Jutting out into Lake Michigan like the city’s turgid phallus is Navy Pier, a tourist trap of international propor- tions. If people see only one thing in Chicago, it’s likely to be the Pier and its exhibition halls, museums, theaters and mall stores. The big advantage of Navy Pier? Nothing re- ally ever happens out here. Hundreds of cops work tire- lessly to see to that. Navy Pier is entirely sterile and devoid of substance, like one big real-world episode of Sesame Street, a Potemkin village set up by the Chicago Chamber of Commerce to assure small-town tourists that cities aren’t the scary, filthy places they’ve always heard about. Instead, people get to stroll arm-in-arm by the big ships that are moored here, licking ice cream cones and feeling, probably for the only time in their lives, like they’re in a Norman Rockwell painting.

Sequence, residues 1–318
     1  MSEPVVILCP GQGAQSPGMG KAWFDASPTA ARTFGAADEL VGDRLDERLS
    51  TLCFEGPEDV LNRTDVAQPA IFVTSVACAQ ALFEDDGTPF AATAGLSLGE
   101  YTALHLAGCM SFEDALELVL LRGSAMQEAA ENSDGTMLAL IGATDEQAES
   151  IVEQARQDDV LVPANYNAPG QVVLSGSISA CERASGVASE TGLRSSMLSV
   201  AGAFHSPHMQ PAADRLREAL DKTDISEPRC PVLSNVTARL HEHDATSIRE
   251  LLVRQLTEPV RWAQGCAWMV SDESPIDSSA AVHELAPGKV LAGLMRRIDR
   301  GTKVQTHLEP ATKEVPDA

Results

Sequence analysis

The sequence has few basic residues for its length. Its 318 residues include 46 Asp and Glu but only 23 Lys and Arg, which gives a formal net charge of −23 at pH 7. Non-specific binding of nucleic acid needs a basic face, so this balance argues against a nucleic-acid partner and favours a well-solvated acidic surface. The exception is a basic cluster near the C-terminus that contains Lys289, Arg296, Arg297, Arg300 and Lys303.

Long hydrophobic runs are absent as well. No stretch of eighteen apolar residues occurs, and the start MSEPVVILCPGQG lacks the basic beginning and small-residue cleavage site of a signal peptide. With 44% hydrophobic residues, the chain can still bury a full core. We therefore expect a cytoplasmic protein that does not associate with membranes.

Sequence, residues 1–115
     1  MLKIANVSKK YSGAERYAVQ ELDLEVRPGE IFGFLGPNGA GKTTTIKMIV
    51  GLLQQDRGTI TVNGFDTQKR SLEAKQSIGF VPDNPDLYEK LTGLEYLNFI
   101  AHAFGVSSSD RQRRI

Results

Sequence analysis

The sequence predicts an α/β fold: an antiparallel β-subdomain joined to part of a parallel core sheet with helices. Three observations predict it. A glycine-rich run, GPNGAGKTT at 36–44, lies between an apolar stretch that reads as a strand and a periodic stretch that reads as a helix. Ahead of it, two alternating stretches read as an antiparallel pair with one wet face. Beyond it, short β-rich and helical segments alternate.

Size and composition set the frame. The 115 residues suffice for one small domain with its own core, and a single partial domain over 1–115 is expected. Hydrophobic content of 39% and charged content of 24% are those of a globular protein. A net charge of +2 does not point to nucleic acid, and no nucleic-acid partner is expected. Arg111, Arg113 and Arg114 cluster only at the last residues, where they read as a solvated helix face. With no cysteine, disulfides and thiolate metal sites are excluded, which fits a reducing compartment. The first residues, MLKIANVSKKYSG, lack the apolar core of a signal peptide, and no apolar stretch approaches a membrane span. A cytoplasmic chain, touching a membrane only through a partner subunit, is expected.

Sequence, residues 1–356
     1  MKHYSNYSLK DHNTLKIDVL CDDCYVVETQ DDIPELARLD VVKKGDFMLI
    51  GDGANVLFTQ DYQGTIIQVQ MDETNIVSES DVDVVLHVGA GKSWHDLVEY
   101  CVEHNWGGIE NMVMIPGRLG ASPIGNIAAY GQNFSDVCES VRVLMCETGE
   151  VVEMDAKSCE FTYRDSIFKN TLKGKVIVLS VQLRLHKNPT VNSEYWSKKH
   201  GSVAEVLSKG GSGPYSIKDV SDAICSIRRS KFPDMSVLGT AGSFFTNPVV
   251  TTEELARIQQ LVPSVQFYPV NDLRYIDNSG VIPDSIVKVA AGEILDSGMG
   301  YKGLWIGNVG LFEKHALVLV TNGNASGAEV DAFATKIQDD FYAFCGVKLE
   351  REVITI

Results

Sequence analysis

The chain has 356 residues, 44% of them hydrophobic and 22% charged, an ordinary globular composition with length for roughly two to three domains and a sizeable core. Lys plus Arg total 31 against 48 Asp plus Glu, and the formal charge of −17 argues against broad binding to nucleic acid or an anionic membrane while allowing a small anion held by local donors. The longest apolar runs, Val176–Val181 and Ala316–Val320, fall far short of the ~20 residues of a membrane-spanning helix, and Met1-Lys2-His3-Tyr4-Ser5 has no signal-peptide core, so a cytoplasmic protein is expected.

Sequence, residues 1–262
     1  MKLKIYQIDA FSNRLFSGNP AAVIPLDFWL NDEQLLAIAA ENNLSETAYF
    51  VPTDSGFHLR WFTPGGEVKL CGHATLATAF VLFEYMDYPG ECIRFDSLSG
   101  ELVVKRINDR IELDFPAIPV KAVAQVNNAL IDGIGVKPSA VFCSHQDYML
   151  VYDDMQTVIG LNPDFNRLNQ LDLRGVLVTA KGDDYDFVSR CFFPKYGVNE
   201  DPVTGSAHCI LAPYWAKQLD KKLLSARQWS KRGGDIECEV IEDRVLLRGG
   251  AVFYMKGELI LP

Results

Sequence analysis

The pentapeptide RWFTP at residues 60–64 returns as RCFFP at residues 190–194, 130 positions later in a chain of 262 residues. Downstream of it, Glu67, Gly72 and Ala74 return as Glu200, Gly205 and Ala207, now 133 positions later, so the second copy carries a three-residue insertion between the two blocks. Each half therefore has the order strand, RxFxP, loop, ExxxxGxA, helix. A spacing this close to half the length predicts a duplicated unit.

Cops aren’t the only ones making sure Navy Pier stays tourist-friendly. The concessions stands and the Pier’s one high-end restaurant are managed by the Stephano family, one of the major mob families left in Chicago, and it’s in their best interest to see to it that Navy Pier has a fun, hospitable reputation. Anybody causing trouble on the Pier, especially trouble that might make it into the media, had best pray that the cops find them before the mob does. They take the protection of Navy Pier very seriously.